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Well, its time to add some dedicated power to my other loops. Up 'til now, I've been running everything with a single Aristocraft Ultima 10 amp power supply. But, with the constant addition (or addiction!) of more engines, more rolling stock, and thus longer trains- it's time to invest in more power. I've heard about people using the Mean Well power supplies with some success. TRC Electronics has some pretty good prices on them. Since, I already own a couple of extra Aristocraft CRE-55460 10 amp controllers, I figured the Mean Well supplies might work out good. Naturally, I've got some questions (and I know you have answers!!!). Here goes.......

1- Is anyone using the Mean Well with the Aristocraft 10 amp controller? Hows it working out- any issues?

2- I'm guessing that I'd want to buy the 10 Amp, 24 Volt Mean Well (TRC Electronics #SP-240-24). I'll probably buy 2 of them- One for each separate loop of track. Then, I'd have more than enough power on each loop to run whatever I want (double headed freight trains, long heavyweight passenger trains, etc).

3- Does anyone sell the mate to the modular plug that is already on the Aristocraft controller? I know its not necessary, but it I don't want to cut it off the controller and hardwire it to the power supply. I'd rather make a pigtail on the power supply and be able to just plug in the controller- just like on the Ultima (I know, I know, call me picky........).

4- IF...... some day I decided to buy an Aristocraft Train Engineer (probably the old system CRE-55470), would I run into any compatibility issues?

5- Any other thoughts, ideas, recommendations, etc. are always welcomed.

As always- Thanks for the help.


-Kevin.
 

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I have 2 friends that use the Aristto 13 amp 22.5 volt supply with the 27mhz trackside train engineer. They have had no problems.

Just one thing to remember, the train engineer receiver must be 3 feet from a power source for consistant programming. Really 3 feet from any electronics such as power supplies or even telephone/blu-ray equipment.

I use a 8 amp 24 volt supply outdoors in New England with my trackside 27mhz TE and it has been in use for 8 years with no issues.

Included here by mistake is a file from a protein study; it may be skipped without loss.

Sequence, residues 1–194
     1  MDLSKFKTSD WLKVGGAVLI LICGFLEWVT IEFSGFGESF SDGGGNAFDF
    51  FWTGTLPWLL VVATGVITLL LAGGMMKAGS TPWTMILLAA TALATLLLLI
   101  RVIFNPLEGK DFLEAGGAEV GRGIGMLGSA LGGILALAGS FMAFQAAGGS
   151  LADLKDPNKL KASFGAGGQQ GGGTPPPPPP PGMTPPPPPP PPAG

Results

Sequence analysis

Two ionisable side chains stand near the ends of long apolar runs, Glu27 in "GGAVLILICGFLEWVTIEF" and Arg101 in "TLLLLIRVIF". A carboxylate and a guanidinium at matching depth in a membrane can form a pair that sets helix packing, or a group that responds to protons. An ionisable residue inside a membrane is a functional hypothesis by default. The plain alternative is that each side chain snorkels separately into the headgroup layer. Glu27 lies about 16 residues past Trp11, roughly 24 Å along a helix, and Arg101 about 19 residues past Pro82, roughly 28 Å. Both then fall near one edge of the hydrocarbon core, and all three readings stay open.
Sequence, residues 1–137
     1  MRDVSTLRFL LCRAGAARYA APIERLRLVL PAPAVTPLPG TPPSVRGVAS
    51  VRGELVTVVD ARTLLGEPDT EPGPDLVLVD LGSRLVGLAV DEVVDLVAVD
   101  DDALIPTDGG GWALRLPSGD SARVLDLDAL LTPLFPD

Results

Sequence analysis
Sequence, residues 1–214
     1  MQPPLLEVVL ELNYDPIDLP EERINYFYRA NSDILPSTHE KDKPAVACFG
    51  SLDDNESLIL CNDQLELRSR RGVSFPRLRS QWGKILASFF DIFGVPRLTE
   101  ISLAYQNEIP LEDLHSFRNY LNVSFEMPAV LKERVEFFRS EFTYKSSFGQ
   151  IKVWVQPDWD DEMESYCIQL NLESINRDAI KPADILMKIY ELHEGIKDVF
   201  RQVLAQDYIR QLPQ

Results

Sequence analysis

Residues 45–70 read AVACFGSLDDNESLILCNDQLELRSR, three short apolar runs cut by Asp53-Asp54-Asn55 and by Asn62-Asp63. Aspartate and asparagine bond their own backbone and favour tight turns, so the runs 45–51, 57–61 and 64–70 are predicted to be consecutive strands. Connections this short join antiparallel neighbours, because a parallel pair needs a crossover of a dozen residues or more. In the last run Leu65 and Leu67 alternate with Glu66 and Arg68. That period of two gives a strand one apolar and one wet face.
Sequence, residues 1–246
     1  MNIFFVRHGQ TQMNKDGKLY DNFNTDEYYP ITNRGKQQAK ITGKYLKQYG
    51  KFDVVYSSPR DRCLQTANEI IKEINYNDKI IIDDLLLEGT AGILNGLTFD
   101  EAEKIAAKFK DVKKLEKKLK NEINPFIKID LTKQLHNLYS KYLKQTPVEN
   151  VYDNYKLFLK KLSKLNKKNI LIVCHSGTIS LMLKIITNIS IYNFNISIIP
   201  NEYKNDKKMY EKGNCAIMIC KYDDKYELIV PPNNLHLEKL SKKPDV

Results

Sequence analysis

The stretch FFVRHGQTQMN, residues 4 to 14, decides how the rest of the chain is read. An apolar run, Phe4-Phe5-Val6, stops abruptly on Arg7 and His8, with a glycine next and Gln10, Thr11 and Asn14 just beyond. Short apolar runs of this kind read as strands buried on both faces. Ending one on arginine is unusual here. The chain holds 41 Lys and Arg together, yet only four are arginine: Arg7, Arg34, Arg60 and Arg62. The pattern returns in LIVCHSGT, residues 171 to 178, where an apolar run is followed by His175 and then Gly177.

I do run a small loop with the Ultima and this powers my accessroy receivers as they have a 22 volt DC limit.

I also support a club that uses 2 potran 6.5 amp 24 volt power supplies with 2 trackside TE's with no problems to date.

So, I do not have a mean well, but do use other supplies with 24 volt regulated supply ratings.
 

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I use the meanwell, (have several) and have recommended it as a reliable, low cost regulated switching supply.

Many of my friends have bought them.

Recommended.

Greg

p.s. you have to add your own power cord and power switch.
 

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I use a Mean Well 15A/24V supply split between two controllers. Have happily powered trains with for the past couple of years.

The only problem I have experienced is with a DCC locomotive that is supposed to be able to run on DC. According to the locomotive manufacturer, at what appears to be 9V on the track to a normal locomotive, has pulses in the power to which exceed 21V, and the DCC card shuts down. Whether that is true, or they are just pointing at that so not to fix there locomotive. I don't know.

Hope this helps.
 

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Many large scale decoders are derived from HO decoders, and do not have the proper voltage handling for LS, which is a max of 27 volts DC. (22 volts DCC)

So Tsunami (found in Bachmann), some Digitrax, and some other brands are not tolerant.

If you go to the DCC standards, you will find the max DC voltage should be 27 volts on decoders over "N" scale. look in section "C", line 71 states this..

Here's the document:

http://www.nmra.org/standards/DCC/s...004-07.pdf


They may still tell you to shove it, but they cannot tell you that it meets the NMRA DCC standard.


Regards, Greg
 

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Posted By jaanth on 27 Jul 2011 02:44 PM
According to the locomotive manufacturer, at what appears to be 9V on the track to a normal locomotive, has pulses in the power to which exceed 21V, and the DCC card shuts down.

Well, the DCC card is not supposed to shut down at 21 volts as Greg pointed out, but just for interest - how did the loco manufacturer decide that there were21 volt pulses in the output of the Meanwell (or am I misinterpreting what you wrote?).